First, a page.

The long awaited MU Stage 2 final rule was published last week by CMS. No one will be required to follow the requirements until 2014, when the program is set to begin. The Stage 2 final rule is 672 pages long. The press release concerning MU Stage 2 mentions interesting facts, such as 3,300 hospitals have participated thus far.
In an announcement that was kind of lost in the midst of the meaningful use stage 2 final rule, the ICD-10 delay is official. As someone said on Twitter, you now have two years to get ready for ICD-10. You better get started now. The announcement of a Health Plan Identifier (HPID) is also very big news.
With any EMR, there is an adjustment period. However, there was an error recently at a prison clinic in California that could have been deadly that was related to the implementing of an Epic installation. Nurses have raised many concerns about the system, and have likely not been adequately trained. Is the issue with Epic because of the system, or because of inadequate training?
We Know What’s Right, but It’s Hard
Being healthy and overcoming illnesses takes works. And obviously, most of us know that if we don’t put in that effort, there will be negative consequences. Unfortunately, many people don’t put in that effort. Luckily, with the advent of being able to monitor health from home with smart phone apps and other gadgets, it is easier to do what we know is right. Is mHealth applications the answer to the question of how do we motivate ourselves to do what we know we should?
SaaS EMR User Interfaces have a variety of challenges. The latest issue is ensuring that all the individual software work together in a way that doesn’t interrupt a practice’s workflow. This week, Dr. Michael West talks about how, when one component gets updated, it often causes others to work less efficiently. His office recently experienced this, and described the frustrating experience.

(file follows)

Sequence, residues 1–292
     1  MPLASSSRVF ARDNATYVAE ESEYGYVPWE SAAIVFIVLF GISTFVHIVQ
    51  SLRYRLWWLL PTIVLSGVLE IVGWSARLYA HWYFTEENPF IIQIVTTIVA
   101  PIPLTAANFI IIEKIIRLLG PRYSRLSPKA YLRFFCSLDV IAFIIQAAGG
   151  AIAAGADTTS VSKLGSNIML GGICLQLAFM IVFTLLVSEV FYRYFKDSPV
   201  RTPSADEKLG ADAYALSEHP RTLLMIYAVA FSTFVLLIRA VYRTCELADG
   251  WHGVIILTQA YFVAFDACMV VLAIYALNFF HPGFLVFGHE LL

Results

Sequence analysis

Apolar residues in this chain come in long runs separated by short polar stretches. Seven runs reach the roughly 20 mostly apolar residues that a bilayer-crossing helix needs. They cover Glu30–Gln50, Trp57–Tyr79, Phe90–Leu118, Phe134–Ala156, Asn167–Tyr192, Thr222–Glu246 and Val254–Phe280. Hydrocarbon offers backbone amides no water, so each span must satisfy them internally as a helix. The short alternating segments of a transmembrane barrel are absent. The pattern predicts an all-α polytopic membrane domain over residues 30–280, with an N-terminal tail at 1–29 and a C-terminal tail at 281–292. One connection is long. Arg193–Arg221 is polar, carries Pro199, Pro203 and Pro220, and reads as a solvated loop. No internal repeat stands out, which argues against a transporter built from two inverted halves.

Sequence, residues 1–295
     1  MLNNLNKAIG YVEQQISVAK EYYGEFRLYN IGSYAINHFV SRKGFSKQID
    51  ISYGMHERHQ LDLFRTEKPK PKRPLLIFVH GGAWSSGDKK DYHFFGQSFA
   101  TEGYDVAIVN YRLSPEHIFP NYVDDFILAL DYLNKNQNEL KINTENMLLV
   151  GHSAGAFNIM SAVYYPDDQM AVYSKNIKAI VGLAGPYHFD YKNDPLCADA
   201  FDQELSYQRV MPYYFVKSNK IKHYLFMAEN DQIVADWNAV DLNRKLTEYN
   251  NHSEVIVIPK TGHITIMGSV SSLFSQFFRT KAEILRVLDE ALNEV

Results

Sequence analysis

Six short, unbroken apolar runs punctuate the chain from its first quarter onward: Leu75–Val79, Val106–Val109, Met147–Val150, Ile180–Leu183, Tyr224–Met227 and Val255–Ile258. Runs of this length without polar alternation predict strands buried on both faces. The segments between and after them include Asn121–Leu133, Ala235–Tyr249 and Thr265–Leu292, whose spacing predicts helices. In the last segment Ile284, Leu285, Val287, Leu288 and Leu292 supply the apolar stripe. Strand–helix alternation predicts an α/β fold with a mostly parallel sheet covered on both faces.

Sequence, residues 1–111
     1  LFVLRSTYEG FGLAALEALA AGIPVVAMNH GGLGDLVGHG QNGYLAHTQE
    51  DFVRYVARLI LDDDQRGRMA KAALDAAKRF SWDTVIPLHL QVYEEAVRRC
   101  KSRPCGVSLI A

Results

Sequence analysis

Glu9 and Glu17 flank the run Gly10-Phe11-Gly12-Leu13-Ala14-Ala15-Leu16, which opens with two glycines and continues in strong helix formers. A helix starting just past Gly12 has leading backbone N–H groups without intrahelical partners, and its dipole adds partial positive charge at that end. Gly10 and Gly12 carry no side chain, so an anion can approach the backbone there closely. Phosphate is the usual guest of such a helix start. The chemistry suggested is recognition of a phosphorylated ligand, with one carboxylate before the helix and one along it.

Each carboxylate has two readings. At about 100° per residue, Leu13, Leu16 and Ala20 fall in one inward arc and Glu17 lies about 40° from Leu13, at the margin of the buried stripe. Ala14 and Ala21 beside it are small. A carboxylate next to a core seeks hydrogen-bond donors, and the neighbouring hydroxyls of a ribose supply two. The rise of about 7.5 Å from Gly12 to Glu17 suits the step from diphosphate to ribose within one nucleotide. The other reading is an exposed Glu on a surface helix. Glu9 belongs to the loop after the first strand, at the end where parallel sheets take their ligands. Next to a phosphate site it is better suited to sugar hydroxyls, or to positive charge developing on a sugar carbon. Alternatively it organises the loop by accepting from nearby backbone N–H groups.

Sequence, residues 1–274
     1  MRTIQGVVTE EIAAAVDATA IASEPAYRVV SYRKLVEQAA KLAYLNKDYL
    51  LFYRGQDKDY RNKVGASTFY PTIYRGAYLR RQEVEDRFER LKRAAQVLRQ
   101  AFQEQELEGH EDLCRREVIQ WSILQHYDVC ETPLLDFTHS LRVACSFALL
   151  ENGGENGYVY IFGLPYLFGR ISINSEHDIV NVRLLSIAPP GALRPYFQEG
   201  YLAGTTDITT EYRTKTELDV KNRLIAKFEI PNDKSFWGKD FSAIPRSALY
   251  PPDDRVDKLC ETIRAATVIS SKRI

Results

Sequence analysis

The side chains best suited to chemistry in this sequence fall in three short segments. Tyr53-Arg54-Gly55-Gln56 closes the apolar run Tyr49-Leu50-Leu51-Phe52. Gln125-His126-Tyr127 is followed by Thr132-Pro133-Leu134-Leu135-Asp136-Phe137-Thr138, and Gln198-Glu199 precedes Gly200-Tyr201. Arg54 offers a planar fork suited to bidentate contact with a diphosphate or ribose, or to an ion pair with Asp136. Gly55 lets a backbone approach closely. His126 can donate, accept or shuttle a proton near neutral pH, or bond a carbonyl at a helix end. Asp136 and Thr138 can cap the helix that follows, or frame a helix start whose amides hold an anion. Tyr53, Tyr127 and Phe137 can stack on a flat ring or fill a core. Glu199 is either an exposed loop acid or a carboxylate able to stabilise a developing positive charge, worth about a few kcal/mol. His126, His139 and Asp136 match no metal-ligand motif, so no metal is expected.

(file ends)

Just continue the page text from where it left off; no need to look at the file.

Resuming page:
About 5 percent of adults over the age of 80 has Parkinson’s Disease. A new technology is being developed that supposedly can detect Parkinson’s Disease. And not only can it detect it, but with 98.6 percent overall accuracy. This raises the question, what can a smart phone not do? This is just the beginning of disease detection and treatment with smart phones. What’s next?
It’s easier than ever to have a health problem. Okay, not really, but it’s easier to find support. There are many great communities online dedicated to helping patient’s find information about just about every health topic out there. Some offer free advice from medical professionals, and others implement social media. Here are five of the best communities everyone should join.
9 out of 10 doctors want to be able to access their EMR on a mobile device, according to a recent study. It makes sense, since so many doctors are using iPads and smart phones nowadays. Luckily for these doctors, companies like Vitera and eClinicalWorks are working on mobile solutions for this. Hopefully these solutions will include things like reviewing and updating patient charts, and ordering prescriptions, which ranked among the top functions doctors are hoping a mobile EMR would include.